The British Coal Pension Fund is to invest an extra £560m in private equity, taking its total to £1.4bn, the Financial Times reports.
The fund, which controls £28bn of assets of more than 500,000 former miners, is the second largest pension fund in Britain. The money to be invested will bring its private equity investment to five per cent of its assets. Britain’s entrepreneurs however are likely to be disappointed as most of the extra investment will go into US rather than UK funds. The fund has also deferred plans to invest in hedge funds.
Earlier this year, pension funds were criticised for failing to support British industry by investing in private equity funds. Figures from the British Venture Capital Association show that British pension funds put just £437m of venture capital into domestic companies last year – just 7.5 per cent of the total raised around the world, the newspaper says.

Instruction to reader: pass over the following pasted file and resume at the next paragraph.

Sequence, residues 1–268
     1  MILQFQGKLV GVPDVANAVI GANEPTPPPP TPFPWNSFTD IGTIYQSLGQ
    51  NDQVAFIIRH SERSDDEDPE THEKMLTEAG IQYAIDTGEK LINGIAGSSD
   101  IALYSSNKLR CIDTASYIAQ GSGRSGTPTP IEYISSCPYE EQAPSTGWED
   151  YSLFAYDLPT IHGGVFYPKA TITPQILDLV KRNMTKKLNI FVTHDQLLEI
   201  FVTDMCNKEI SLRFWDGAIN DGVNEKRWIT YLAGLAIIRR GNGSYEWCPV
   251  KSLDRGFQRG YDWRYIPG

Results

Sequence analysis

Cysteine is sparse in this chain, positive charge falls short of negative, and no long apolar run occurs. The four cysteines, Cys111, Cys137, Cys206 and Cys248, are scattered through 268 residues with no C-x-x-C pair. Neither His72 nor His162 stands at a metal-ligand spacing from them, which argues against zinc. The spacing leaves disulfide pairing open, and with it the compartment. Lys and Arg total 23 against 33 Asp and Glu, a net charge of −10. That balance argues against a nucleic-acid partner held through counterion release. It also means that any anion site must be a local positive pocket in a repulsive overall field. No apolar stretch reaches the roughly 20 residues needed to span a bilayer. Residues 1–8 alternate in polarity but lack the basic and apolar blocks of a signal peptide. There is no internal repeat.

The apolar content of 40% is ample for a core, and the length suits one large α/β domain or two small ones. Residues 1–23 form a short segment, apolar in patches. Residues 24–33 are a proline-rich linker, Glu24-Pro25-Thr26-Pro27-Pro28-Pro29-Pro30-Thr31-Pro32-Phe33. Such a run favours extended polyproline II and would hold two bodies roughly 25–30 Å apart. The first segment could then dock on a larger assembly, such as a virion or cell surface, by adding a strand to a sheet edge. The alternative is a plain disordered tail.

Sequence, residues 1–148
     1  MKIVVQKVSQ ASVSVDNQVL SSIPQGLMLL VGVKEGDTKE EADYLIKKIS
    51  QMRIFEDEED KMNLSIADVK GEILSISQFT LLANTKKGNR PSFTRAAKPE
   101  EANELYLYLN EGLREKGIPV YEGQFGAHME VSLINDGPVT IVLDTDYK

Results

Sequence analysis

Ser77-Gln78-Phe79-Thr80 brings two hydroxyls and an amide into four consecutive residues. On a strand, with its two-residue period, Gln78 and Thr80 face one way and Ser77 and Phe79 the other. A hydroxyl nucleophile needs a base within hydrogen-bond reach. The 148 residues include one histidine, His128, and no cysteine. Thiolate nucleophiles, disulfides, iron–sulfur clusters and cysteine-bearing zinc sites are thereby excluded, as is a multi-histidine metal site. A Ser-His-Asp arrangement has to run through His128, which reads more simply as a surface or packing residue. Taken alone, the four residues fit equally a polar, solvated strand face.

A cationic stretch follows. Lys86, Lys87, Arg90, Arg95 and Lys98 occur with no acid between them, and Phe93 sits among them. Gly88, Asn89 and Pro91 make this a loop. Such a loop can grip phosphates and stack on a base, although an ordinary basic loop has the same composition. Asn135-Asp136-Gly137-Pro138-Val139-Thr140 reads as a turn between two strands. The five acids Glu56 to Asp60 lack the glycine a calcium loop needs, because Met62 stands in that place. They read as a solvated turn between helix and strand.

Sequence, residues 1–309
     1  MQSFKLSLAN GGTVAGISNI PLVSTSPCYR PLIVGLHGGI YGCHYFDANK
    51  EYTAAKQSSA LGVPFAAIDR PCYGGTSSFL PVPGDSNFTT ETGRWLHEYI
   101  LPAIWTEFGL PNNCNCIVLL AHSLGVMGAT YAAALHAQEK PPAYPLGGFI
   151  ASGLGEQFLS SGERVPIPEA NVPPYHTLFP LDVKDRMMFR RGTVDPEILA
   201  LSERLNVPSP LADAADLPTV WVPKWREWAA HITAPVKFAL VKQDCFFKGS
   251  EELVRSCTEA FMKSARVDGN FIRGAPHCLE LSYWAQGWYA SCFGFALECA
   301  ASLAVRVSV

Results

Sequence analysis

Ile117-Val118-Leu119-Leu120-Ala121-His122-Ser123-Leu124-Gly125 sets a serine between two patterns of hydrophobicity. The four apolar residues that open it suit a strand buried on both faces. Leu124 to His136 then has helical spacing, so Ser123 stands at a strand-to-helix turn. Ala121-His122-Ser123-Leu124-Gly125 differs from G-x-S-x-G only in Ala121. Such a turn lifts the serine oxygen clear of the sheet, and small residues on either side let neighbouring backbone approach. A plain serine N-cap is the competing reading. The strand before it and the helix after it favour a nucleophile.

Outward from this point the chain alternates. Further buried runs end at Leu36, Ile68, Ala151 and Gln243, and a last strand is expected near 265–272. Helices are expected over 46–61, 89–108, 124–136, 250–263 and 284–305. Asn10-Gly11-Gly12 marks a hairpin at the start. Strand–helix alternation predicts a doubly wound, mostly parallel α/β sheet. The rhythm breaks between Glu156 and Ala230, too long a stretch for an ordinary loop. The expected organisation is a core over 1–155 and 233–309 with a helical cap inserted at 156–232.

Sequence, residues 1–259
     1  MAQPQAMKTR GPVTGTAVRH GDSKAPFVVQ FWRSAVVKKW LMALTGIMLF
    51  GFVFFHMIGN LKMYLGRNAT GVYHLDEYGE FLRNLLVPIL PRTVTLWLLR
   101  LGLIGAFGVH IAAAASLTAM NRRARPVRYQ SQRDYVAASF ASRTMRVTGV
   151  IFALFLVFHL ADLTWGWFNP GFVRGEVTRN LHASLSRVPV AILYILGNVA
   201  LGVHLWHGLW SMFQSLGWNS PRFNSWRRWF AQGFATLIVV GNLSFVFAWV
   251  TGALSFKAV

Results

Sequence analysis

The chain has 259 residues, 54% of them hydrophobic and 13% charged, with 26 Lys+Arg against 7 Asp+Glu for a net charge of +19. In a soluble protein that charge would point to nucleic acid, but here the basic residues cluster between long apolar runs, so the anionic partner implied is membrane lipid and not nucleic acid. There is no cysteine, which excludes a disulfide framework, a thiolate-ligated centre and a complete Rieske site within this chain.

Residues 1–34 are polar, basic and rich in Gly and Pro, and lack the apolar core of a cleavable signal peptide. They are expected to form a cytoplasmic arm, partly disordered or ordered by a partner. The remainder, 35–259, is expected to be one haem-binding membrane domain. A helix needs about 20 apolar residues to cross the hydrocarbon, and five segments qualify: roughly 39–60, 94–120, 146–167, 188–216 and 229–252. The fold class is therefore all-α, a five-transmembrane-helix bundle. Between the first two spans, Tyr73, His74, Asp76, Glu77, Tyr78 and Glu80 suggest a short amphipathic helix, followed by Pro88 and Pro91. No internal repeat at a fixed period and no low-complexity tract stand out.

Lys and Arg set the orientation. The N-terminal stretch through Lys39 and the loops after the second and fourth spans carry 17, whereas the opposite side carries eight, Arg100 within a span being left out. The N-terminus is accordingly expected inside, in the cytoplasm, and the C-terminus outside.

Last month, Paul Myners, chairman of Gartmore, the fund manager, recommended that the minimum funding requirement (MFR) for pension funds should be dropped and tougher checks on fraud should be introduced. The MFR, introduced to prevent losses such as the ones incurred in the Robert Maxwell pensions scandal, obliges pension funds to invest in low risk asset types such as gilts at a time when their yield makes them poor value for money. Fund managers are arguing that the MFR is one key reason why they are not investing in the venture capital industry. Mr Myners also proposed that existing legislation making it potentially illegal for trustees to invest in private equity limited partnership be revised. Such alterations would require changes in secondary legislation under the FSA.